We have updated our Privacy Policy to provide you a better online experience.

Half-Sight, Full Faith: Trusting God through Life's Challenges

Jodi Detrick, an ordained AG minister, shares about her ongoing experience with her loss of sight and how such challenging times help Christians come to more fully understand "walking by faith."
Dabbing a tissue at my watering left eye, I wondered what was going on.

May 11, 2021, had been a lovely day in Washington state, giving me a chance to spend some time outdoors. When the search for an errant eyelash or other visible debris yielded nothing, I concluded my eye irritation was simply the result of spring allergies.

Applying eyedrops before bed that evening, I hoped sleep would bring relief. However, I spent the night tossing and turning in increasing discomfort.

By morning, my eye was red and inflamed. I quickly made an appointment with my optometrist, who diagnosed a corneal abrasion. The doctor explained that dry-eye syndrome may cause the cornea and lid to stick together during sleep. This can result in a painful tear upon opening the eye.

The doctor put a contact bandage in my eye to protect it and prescribed some antibiotic drops. I went on my way thinking the problem would soon resolve.

When my local pharmacy didn’t carry the prescribed drops, it was frustrating, but not overly concerning. Neither the pharmacist nor I could reach the doctor to ask about a substitution. However, the pharmacist ordered the medication and assured me it would be ready the next day. I told myself I could manage one more day.

I picked up the antibiotic eye drops the following day and used them as prescribed, but the searing pain continued. That night, I held my head in my hands and rocked back and forth in increasing anguish, praying for daylight.

The next day, I returned to my optometrist. He took one look at my eye and sent me to an ocular specialist in Seattle. By that time, a virulent infection threatened not only the loss of my vision, but also the eye itself.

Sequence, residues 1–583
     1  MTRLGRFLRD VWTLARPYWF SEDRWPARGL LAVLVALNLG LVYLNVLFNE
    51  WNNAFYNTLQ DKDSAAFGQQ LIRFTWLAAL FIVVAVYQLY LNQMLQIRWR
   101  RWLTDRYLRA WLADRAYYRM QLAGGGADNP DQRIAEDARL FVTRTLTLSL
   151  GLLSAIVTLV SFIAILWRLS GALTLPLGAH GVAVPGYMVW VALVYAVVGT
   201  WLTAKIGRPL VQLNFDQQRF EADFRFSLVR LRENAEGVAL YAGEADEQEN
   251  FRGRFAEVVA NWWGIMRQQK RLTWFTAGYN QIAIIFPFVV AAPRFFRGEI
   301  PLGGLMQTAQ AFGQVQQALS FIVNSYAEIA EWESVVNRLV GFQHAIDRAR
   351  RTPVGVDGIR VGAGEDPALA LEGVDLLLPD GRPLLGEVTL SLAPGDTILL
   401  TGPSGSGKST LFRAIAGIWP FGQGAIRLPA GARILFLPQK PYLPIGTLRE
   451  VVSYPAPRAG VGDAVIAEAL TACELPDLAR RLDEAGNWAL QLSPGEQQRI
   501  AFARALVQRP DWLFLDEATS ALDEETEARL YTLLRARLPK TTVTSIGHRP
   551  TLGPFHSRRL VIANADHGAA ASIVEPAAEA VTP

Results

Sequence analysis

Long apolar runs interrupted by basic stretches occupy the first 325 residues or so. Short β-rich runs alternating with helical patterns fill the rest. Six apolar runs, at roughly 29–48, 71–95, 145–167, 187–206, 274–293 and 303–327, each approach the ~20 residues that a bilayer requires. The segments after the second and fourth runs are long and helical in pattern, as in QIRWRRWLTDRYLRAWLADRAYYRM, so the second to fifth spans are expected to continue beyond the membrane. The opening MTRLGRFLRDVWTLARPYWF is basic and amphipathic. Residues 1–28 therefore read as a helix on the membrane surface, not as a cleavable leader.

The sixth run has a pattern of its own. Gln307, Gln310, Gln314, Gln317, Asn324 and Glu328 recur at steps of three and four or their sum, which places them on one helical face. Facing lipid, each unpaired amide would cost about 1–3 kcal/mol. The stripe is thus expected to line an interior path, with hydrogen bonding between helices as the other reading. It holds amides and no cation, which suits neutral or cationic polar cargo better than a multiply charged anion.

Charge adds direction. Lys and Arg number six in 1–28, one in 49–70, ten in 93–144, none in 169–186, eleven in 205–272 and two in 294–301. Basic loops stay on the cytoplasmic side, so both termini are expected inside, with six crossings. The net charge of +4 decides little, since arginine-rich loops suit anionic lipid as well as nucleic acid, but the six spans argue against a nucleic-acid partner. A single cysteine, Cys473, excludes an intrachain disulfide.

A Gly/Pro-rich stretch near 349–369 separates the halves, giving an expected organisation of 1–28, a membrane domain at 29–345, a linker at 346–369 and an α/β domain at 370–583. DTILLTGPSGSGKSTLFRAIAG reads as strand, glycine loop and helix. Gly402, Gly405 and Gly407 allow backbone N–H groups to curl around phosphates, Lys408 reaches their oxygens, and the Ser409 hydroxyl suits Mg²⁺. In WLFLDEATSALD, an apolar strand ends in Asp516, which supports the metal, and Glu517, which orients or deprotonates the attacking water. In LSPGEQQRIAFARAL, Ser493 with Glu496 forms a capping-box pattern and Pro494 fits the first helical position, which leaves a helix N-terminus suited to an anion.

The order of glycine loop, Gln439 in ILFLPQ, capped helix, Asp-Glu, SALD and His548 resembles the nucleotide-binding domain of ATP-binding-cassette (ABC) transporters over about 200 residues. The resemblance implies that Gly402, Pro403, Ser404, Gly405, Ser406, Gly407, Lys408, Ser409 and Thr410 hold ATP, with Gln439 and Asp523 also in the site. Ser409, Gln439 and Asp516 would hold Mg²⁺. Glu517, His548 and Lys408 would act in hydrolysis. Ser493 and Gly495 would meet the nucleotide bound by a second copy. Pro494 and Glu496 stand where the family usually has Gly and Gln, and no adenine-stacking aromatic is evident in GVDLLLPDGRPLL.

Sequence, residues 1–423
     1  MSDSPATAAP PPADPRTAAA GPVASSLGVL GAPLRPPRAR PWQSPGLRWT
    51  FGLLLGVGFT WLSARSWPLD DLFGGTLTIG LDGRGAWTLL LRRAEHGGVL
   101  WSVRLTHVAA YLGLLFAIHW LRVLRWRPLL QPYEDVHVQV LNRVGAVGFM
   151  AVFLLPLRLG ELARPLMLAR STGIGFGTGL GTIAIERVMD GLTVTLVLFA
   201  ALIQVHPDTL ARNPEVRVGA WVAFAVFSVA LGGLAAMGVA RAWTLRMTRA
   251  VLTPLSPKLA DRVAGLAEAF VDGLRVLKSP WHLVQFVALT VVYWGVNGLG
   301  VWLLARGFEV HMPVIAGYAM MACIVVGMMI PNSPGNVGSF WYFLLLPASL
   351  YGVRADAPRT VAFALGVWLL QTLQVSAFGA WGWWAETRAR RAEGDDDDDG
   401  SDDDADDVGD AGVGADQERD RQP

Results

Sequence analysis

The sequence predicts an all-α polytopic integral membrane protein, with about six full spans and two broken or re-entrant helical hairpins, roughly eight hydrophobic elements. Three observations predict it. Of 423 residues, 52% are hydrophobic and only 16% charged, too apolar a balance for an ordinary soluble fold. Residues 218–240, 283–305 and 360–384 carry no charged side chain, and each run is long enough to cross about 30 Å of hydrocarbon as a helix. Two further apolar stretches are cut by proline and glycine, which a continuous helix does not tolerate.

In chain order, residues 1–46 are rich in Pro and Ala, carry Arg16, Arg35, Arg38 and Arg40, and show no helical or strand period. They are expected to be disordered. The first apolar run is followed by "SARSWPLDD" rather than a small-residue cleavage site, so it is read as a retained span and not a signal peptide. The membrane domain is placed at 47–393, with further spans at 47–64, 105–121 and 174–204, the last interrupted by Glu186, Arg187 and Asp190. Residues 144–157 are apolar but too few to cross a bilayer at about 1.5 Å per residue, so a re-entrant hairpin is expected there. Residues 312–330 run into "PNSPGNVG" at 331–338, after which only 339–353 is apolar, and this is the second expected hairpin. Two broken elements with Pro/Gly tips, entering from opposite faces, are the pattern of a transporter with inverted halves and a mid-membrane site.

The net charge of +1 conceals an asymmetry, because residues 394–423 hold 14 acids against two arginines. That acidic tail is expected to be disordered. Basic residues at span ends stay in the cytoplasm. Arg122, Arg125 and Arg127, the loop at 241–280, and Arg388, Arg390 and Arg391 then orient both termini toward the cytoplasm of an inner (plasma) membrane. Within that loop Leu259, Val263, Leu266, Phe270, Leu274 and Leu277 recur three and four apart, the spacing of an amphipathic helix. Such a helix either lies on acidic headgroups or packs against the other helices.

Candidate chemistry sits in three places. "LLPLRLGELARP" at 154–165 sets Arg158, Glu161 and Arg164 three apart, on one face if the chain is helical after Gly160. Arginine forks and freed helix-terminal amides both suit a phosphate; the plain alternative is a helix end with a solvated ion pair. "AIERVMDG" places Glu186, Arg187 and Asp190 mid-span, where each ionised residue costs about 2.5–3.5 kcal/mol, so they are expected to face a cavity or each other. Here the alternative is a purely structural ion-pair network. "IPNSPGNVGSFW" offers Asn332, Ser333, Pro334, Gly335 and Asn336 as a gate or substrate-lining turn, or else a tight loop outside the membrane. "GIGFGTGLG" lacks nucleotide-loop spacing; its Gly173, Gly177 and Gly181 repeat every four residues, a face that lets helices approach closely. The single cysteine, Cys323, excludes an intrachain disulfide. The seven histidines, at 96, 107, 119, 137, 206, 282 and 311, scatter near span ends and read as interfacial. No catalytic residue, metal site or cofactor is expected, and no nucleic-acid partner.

Without the benefit of antibiotic drops, the contact bandage covering the abrasion had acted as a petri dish, allowing bacteria to multiply and the infection to blow up.

The agony was indescribable. And, I realized with growing alarm, I was completely blind in that eye.

Thus began the long, painful journey that continues to this day. It has included a seemingly endless series of appointments, scans, tests, and medications. I have endured everything from injections in my eyeball to eye drops that had to be administered hourly around the clock.

I have had three surgeries, including a cornea transplant. The newly colored blue eye on my left side is a striking contrast to the original brown on my right.

At this point, I have some peripheral vision in my left eye, but everything in the center is gone. As I write this, I’m facing a fourth surgery that might restore some centric vision.

Unless God miraculously heals me, however, it’s unlikely I will fully regain my vision. Of course, I believe He can and does heal. Like the man in Luke 18, my prayer has been, “Lord, I want to see” (verse 41).

Meanwhile, I’ve been learning how to maneuver life with half-sight. Don’t get me wrong. Half-sight is better than no sight!

In fact, I believe we all stumble through life with half-sight at times. As Paul told the Corinthians, we don’t have perfect clarity on everything this side of heaven. The Message puts it this way: “We don’t yet see things clearly. We’re squinting in a fog, peering through a mist” (1 Corinthians 13:12).

Everyone experiences life’s gut punches. It may be a troubling diagnosis, a baffling hurt or loss, a loved one’s addiction, or a friend’s betrayal. During such times especially, we can feel like we’re in a fog, groping our way toward a seemingly too-distant hope.

But it is also during such seasons that the biblical concept of walking by faith steps off the page and into the flesh and blood of our real-world experiences. These half-sight times are when we experience more fully what it means to trust an unseen, compassionate God with our most tender wounds.

Somehow, I think this trusting in the dark thing might be part of what Peter was referring to in 1 Peter 1:8: “Though you have not seen him, you love him; and even though you do not see him now, you believe in him and are filled with an inexpressible and glorious joy.”

We have not yet seen the Lord. And we don’t always understand all the hurtful stuff life throws at us. But we love and trust Jesus — which leads, inevitably, to joy and a new way of seeing.

Somewhere in the mists of an unseen future, full sight is waiting for those who believe.

This article appears in the Spring 2024 issue of Influence magazine. Used with permission.

Jodi Detrick

Jodi Detrick, D.Min., is the author of The Jesus-Hearted Woman and The Settled Soul, an ordained Assemblies of God minister, a certified personal leadership coach, and an in-demand speaker. She is an adjunct professor at Northwest University in Kirkland, Washington, and the Assemblies of God Theological Seminary in Springfield, Missouri. She lives in North Bend, Washington.